For clarity, my suggestion is that after the Scottish elections in 2020 (which I hope will be the first in an independent Scotland) and assuming that the SNP win, they seek to lead the Government of National Unity with some of the Cabinet and lesser Ministerial positions having Greens, Labour, Tory and Lib dems (who have stated they will work for the good of the new independent Scotland) in positions.

Then in 2025 we hold a SGE where the new parties contest it. There may or may not be an SNP still in existence at that point. Nor for that matter could we predict if Labour, Liberal and Conservatives parties would still exist 5 years after independence, I think only the Scottish Greens are a certainty.

I am definitely not suggesting, as some SNP loyalists have claimed, that the SNP should disband, nor that anyone should abandon their party at the dawn of independence. I think it would be unthinkable for Nicola Sturgeon as the FM at the time of independence not to be the FM in the first independent parliament.

I worry though that the fear of a one-party state led by the SNP may well be enough to stop 5-10% of the Scottish population from voting Yes. It may be that the only way to deliver independence is to ensure that people don’t fear that the referendum will lead to an almost unopposed SNP administration with 100+ seats. So what I am suggesting is a SNP led Government but with representation and input from right across the political spectrum so that no one feels isolated from, or oppressed by, the first Government of an independent Scotland.

If we can learn anything from Brexit it’s that it’s not enough just to win the referendum, you have to have plan and win support and include others in your transition plans.  Alex Salmond stated that the Scottish negotiation team would be cross party and expanding that idea into Government would avoid any potential backlash.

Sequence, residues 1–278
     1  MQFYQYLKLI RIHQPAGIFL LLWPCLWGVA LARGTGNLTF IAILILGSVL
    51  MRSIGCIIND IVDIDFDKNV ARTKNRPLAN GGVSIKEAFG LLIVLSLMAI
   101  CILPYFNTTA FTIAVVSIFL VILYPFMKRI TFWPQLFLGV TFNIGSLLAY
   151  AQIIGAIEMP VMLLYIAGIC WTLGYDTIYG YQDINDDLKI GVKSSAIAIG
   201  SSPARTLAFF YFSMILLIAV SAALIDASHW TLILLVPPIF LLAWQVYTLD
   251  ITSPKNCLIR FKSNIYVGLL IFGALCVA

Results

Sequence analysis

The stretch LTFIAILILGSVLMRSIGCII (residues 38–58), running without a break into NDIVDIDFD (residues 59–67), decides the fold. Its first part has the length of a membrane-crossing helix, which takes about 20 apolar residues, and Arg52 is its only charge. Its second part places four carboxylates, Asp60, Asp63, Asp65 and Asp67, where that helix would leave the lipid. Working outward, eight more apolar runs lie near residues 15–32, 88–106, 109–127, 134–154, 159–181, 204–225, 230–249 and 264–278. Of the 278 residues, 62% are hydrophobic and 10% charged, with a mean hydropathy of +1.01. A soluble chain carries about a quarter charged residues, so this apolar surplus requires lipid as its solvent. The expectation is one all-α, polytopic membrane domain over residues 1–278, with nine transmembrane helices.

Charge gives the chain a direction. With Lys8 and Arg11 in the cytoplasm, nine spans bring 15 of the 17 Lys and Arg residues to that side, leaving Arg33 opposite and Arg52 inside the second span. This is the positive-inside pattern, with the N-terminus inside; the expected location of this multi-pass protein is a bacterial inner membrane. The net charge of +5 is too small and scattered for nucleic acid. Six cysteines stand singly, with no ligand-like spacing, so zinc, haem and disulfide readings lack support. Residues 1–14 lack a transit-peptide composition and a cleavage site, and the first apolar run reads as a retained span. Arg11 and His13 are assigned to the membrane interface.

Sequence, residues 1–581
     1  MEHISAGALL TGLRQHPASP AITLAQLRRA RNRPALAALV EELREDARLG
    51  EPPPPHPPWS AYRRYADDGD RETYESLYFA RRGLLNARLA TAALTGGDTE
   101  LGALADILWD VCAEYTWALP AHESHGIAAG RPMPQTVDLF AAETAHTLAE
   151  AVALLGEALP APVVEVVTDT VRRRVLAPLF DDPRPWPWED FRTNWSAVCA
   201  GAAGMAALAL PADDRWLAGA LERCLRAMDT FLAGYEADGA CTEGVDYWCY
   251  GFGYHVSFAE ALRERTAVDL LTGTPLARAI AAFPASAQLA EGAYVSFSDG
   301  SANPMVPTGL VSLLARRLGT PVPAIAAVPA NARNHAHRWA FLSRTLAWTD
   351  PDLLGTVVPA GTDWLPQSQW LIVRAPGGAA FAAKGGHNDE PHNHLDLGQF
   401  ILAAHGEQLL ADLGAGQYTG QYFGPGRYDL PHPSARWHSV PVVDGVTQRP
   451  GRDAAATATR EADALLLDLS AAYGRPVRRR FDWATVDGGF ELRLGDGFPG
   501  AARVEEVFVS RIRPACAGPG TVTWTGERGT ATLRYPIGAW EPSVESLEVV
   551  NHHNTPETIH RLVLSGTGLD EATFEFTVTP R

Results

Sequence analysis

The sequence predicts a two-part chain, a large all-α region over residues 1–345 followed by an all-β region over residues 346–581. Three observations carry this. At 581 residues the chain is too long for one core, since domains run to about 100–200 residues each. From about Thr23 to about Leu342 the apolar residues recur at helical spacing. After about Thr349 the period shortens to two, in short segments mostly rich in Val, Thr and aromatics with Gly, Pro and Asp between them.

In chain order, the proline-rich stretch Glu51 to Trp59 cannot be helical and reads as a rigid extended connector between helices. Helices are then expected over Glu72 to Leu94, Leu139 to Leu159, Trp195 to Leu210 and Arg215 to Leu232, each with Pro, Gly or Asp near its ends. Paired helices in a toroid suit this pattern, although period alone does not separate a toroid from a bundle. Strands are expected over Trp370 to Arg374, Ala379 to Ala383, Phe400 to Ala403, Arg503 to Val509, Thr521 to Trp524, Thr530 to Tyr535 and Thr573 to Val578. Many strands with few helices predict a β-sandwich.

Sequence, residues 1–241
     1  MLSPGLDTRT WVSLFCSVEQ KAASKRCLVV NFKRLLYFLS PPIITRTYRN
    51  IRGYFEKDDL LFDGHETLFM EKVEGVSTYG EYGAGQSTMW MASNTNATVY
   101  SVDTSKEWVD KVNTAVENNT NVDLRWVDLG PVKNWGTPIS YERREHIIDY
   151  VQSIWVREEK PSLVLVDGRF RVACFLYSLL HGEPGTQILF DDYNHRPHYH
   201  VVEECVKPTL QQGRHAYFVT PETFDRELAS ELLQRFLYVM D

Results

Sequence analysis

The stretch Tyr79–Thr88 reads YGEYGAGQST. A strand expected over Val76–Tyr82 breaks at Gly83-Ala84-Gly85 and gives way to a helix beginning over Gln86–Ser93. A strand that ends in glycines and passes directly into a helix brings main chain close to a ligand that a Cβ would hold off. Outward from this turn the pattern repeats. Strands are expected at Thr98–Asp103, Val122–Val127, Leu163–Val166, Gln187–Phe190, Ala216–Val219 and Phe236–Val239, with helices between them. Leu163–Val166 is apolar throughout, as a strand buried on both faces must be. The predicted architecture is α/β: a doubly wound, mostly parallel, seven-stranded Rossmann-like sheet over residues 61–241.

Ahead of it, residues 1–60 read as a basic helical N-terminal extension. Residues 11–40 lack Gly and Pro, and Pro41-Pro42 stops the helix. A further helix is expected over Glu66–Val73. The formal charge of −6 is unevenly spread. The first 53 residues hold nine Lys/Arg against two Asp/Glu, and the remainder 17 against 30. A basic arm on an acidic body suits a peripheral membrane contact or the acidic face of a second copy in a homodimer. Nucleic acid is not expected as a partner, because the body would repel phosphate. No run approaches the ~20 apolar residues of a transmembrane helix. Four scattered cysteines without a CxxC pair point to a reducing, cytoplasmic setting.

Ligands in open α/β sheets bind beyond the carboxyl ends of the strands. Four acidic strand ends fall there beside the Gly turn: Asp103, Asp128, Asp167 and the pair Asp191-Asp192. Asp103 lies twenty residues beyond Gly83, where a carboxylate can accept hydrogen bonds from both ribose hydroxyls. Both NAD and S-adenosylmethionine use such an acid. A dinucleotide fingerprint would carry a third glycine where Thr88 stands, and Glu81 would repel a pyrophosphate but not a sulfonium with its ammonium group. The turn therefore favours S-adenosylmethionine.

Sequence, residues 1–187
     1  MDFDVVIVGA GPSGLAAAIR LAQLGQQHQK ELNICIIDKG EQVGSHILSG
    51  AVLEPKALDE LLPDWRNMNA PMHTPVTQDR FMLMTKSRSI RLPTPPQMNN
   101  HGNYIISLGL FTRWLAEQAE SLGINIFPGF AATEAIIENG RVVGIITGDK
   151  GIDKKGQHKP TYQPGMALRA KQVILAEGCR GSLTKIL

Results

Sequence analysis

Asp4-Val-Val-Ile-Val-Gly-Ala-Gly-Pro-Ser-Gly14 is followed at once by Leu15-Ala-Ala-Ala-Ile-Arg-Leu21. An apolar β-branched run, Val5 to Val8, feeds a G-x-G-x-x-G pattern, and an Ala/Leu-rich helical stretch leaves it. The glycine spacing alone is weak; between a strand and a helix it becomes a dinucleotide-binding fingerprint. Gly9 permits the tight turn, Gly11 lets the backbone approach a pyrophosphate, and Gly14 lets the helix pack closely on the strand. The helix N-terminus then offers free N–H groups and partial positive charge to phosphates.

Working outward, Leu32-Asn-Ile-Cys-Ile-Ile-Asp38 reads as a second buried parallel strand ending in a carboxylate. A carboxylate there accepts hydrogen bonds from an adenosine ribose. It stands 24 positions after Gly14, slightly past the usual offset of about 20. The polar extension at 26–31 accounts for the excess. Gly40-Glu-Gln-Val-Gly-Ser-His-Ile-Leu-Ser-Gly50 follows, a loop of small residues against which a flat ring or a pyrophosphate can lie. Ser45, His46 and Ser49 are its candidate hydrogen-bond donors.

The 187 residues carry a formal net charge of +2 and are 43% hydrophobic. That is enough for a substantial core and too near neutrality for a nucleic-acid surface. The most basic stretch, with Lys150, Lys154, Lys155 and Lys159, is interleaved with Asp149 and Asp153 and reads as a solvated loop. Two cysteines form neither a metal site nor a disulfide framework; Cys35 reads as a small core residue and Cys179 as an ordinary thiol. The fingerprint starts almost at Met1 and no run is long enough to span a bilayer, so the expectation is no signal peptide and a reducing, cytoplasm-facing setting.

I know I have not specifically ruled out people like Ruth Davidson, Willie Rennie, Jackie Baillie and Murdo Fraser and that will worry SNP and Green activists but I actually believe that independence will end the careers of such career unionist one trick ponies, and they won’t stand nor win if they do.  However, I do know many Tories and Labour members who support independence, but are kept from standing, and former Tories who have even donated to the Yes movement after they switched to independence, but who will go back to a free market supporting party after independence.

My point is that most of the potential switchers to independence don’t support the SNP, and the Yes movement can only be sure of victory if we promise to engage and involve, not cut them out of the decision making process afterwards. In other words, this helps deliver independence and the choice is not between an SNP Government post-independence or one of National Unity but of a Yes vote instead of a No vote. It may also stop those that vote No in the next referendum from forming a single ‘rejoin the union’ party or from causing unrest.

I am working for a new Scotland. A new politics, preferably with pluralistic approaches to economics, but failing that I want to see a new kind of politician on the left and the right, ones motivated by moving Scotland forward and not holding it back. After independence (hopefully in 2019) those potential Yes voters on the left and right need know that if they take on and unseat the unionist naysayers in their parties then they will be engaged.